The article about Delaney and Glen is misinformed and damaging in the use of the term facilitated communication (FC). FC has a very specific meaning, and while what Delaney and Glen are doing is, I suppose, communication that is facilitated from mind to mind, it is not, and I repeat, not, FC. FC is what is described early on in the article, a Facilitator supporting the hand, wrist or arm of the User typing on a communication board. As an FC User I am disturbed by the use of FC to describe telepathy. I don’t want to discredit their connection as I can only make assumptions to its validity but in order to communicate in that way is entirely different to FC.
My facilitator can often guess at what my next word or sentence may be based on context clues, body language, the circumstances and previous letters I have typed, but even if they believe it an accurate guess they will always verify with me that the guess is correct. This is different than a telepathic thought being shared, mind to mind. My facilitator may guess what they think I will say, but not suggest that they KNOW what I want to say. Do you see now the difference? Do you see now, that to use the term FC when talking about telepathy is misinformed or how it could be damaging to those who actually use FC. As an FC user I already face enough scepticism about my form of communication, I do not need metaphysical controversial concepts colouring my communication with even more questions. I would implore Delaney to cease the use of the term FC when using telepathy.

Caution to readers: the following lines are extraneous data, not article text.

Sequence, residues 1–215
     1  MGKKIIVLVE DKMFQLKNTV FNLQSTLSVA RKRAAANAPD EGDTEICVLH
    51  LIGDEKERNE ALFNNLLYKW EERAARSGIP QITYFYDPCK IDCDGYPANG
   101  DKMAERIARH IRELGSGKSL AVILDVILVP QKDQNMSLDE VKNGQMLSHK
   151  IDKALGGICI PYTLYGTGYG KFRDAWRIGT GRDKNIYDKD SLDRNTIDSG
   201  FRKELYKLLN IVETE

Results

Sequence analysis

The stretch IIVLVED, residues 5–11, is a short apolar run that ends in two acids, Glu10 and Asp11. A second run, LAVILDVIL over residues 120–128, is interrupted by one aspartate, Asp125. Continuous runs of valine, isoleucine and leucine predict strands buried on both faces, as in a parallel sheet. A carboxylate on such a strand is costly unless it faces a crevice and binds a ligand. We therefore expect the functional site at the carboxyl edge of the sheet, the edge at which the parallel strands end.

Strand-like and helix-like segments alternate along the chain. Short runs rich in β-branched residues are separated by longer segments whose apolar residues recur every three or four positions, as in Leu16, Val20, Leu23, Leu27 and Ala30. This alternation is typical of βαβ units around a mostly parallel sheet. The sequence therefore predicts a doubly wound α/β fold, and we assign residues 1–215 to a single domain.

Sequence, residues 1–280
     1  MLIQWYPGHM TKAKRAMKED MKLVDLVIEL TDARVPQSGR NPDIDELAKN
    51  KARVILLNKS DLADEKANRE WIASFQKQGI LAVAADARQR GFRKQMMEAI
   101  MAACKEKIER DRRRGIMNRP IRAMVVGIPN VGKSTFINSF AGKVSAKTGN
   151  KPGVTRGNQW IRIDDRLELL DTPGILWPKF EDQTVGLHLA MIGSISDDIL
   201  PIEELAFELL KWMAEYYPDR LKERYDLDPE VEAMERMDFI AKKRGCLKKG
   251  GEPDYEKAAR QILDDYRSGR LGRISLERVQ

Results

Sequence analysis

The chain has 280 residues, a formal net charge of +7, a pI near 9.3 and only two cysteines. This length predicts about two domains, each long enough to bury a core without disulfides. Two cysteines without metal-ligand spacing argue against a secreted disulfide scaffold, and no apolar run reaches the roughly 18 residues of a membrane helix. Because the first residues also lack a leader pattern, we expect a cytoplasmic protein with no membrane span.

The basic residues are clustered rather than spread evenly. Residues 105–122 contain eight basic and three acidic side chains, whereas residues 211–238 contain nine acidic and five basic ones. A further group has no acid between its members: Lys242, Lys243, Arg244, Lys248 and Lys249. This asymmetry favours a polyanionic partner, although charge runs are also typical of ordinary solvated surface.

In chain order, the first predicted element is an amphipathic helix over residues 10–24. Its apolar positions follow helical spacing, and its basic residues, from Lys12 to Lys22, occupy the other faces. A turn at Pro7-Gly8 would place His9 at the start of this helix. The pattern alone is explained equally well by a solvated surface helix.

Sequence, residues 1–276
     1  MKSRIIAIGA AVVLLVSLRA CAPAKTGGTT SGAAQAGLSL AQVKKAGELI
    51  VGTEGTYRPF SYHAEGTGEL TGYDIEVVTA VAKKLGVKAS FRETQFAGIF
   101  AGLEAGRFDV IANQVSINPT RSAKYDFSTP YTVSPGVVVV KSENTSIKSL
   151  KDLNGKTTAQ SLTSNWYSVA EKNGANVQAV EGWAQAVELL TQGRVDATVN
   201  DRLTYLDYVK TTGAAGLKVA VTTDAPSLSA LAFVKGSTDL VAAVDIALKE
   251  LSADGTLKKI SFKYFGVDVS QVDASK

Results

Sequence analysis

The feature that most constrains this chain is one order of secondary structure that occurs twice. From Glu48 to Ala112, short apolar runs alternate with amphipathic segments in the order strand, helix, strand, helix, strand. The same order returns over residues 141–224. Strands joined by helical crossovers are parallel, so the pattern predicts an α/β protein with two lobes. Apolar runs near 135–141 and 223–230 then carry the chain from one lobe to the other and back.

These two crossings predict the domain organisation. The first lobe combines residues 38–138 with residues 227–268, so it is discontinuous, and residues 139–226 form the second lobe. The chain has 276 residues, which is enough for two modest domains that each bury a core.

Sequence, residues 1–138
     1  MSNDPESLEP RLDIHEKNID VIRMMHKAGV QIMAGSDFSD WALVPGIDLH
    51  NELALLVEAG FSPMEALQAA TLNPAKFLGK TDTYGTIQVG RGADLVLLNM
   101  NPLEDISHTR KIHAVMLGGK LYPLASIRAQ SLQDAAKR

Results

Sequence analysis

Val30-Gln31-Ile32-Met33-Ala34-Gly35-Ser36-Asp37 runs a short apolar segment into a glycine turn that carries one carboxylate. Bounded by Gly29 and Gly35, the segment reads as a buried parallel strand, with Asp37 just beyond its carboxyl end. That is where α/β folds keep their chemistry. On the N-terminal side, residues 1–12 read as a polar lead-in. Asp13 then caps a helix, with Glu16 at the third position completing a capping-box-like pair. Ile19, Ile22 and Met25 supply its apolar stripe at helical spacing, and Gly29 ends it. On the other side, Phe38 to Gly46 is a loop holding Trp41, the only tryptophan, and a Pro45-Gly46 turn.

Recently an article in your magazine purported to be about facilitated communication. As a user of facilitated communication, I find this article troublesome. Glen and Delaney are not using facilitated communication, instead they are using psychic telepathic communication. They need to cease using the term ‘facilitated communication’ as they are denigrating it.
Facilitated communication is an alternative mode of communicating for people who cannot speak or communicate independently. Facilitated communication requires the user to type their words and is sometimes called ‘supported typing’. Some users need a lot of physical support, while others gain independence.
Predicting the next word is possible at times. For example, I might say “I want a …” and you can predict a noun fits there. This is because that is how our English language works. If I give you one or two letters, you can better predict what noun I am using. It is not possible to predict a stream of words from one or two letters as Delaney would like people to think.
I am very upset that she has put my communication mode in a questionable light. Tears stream down my face as I write this to you, the editor, and your readers. Yes, listen to my distress. People will doubt my voice if Delany persists on using facilitated communication to describe what she does with Glen.